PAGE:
Free of gluten and caffeine.

Rich in pectin and tannins, carob bean juice has been used to treat diarrhea.

Tyramine-free and considered safe to eat if you suffer from migraines. Foods that contain tyramine, like chocolate, may trigger migraine headaches.

Virtually no fat and no sodium. One cup of carob powder has 51 grams of sugar and less than 1 gram of fat. One cup of cocoa powder contains 1.5 grams of sugar and about 12 grams of fat. One cup of semisweet chocolate chips has 92 grams of sugar and 50 grams of fat. The choice is yours, depending on your individual health goals. Carob with its natural sugar, fiber, and protein, has a low glycemic index and does not spike blood sugar the way that chocolate does. You may find that you can add less sweetener to recipes when using carob in place of cocoa.

Fido and feline friendly. Carob does not contain high levels of theobromine, a compound found in chocolate that is toxic to dogs and cats in large quantities. Those dog treats you see in the pet stores that look good enough for us humans to eat are made with carob, not chocolate.

Use carob powder as you would cocoa. Some ideas:

  • Add to smoothies
  • Sprinkle on yogurt or ice cream
  • Add to your favorite quick bread or pancake batter
  • Make a hot carob drink in place of hot chocolate
  • Make a creamy carob pudding
  • Replace candy bars with carob bars
  • Brownies
  • Substitute carob chips in any recipe that calls for chocolate chips    

Carob can be used in a 1:1 ratio in most recipes that require chocolate or cocoa. If you’re not sure about the flavor, you might first try swapping half of your cocoa chips or cocoa powder with the carob chips or powder. Carob can be purchased in many of the same forms as cocoa products, including chips, powder, extract, and syrup. They can be found at health food stores, specialty stores, and online.

The FDA has approved carob for consumption and as an additive in food, medications, and cosmetics. Carob allergies are rare.

As you relax and enjoy your carob treats, remember to drop a few crumbs for the dog.

Are You Ready?

Are You Ready?

Or are you waiting for the perfect time to…                            

…learn a new skill?

…write the book?

…eat better and feel great in your body?

We often think that the timing must be perfect for us to begin something. We’ll start eating better after the weekend. We’ll start moving when we find the right exercise program. We’ll start making healthier meals when we’re not so busy.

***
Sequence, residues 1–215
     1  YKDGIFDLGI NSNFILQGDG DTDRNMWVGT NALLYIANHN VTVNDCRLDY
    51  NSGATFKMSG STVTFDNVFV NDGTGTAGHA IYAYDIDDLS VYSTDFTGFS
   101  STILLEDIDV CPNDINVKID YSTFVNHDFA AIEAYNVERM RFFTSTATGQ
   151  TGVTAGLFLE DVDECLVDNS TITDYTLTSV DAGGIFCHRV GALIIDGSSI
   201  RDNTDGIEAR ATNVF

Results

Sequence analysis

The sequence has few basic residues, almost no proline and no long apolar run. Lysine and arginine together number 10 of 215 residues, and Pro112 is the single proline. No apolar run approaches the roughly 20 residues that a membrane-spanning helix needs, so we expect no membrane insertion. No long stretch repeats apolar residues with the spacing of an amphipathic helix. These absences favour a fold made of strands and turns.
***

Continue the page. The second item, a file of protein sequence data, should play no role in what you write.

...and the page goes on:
Someday. Tomorrow. Never.

I heard a really good song this week, “Getting Good,” sung by Lauren Alaina and Trisha Yearwood. It speaks of life getting good once I fall in love, get the money, buy the car, have the house. Finally, the realization: “Once I learn to soak up every moment, I’ll realize my life’s already good!”

Give it a listen. I think you’ll like it.

There is no perfect time to do what matters to you. Take the moment of now. It’s risky. Waiting allows you to avoid possible failure.

It also keeps you from living a full life. When is your life getting good?

Whatever you’ve been putting off, it’s time to start. Take some kind of action. Find out how you can begin learning that new skill and sign up.

Plan one meal you can make this weekend and get the necessary ingredients. Put on your sneakers and get moving.

You may feel some resistance. You may forget your grocery list or misplace those sneakers. Keep forging ahead.

It takes time to go from “start” to “habit.” Give yourself grace.

Put it in your calendar. Do what you can with the time you have, even if it feels imperfect. Make a plan and simply start. Get support if you aren’t able to get started on your own and feel stuck.

Here’s an idea to help you try something new. Join me on Zoom and we’ll make tomato pie together! (If you’ve got tomatoes, you can make this with me.) Today, August 27 from 11:00am to 12:30pm central. Send me an email to reserve your spot and get the Zoom link. It’s my summer gift to you.

Sending you love,
Carol

I’m thinking, once I learn to grow right where I’m planted, maybe that’s when life starts getting good.”—Emily Weisband

Gluten Free Pie Crust

This recipe yields two 9-inch pie crusts.

  • 2 cups Gluten Free All Purpose Flour Blend (Namaste and King Arthur are brands I’ve used) 
  • 1/2 teaspoon salt
  • 8 Tablespoons butter, well chilled
  • 1 large egg, slightly beaten
  • 8 to 10 Tablespoons ice cold water

In a large bowl combine the gluten free flour blend and salt. Cut the butter into the flour mixture until crumbly and the particles are the size of small peas. (You could use a box grater to shred the butter into the flour or cut into small pieces, then mix using a pastry blender, fork, or your fingers.) Make a well in the center of the flour mixture and add the beaten egg. Gently work it in with your fingers until the mixture is crumbly. Be gentle and work quickly to keep the dough as flaky as possible. Overworking your pie dough results in a tough crust.

Add the iced water to the center, one tablespoon at a time, working it in by hand until you have a moist, crumbly dough. The crumbles should stick when squeezed together. Gluten free crust should be made with more liquid than a traditional pie crust, or else it will become very dry.

Shape the dough into a large ball and cut in half. Place each half onto a sheet of parchment paper that has been sprinkled with a bit of gluten free flour blend. Form each half into a smooth disk. Sprinkle with more flour blend and cover with another piece of parchment.

Roll each disc between the parchment paper until it is 2 inches larger than the pie plate. Carefully peel off the top layer of parchment. Pick up the rolled pie crust by the under layer of parchment, center it over the pie plate, and quickly flip it over onto the plate. Carefully pull the bottom layer of parchment off the pie crust. If the crust breaks in a few spots, and it probably will (so don’t panic), pinch the dough back together in those spots.

Note: If you plan to have the dough sitting out in a ball while you are preparing the filling, keep it covered with a lightly dampened paper towel, as it tends to dry out quickly. Gluten free pie dough is fragile, so a little cracking when transferring it to the pie plate is normal.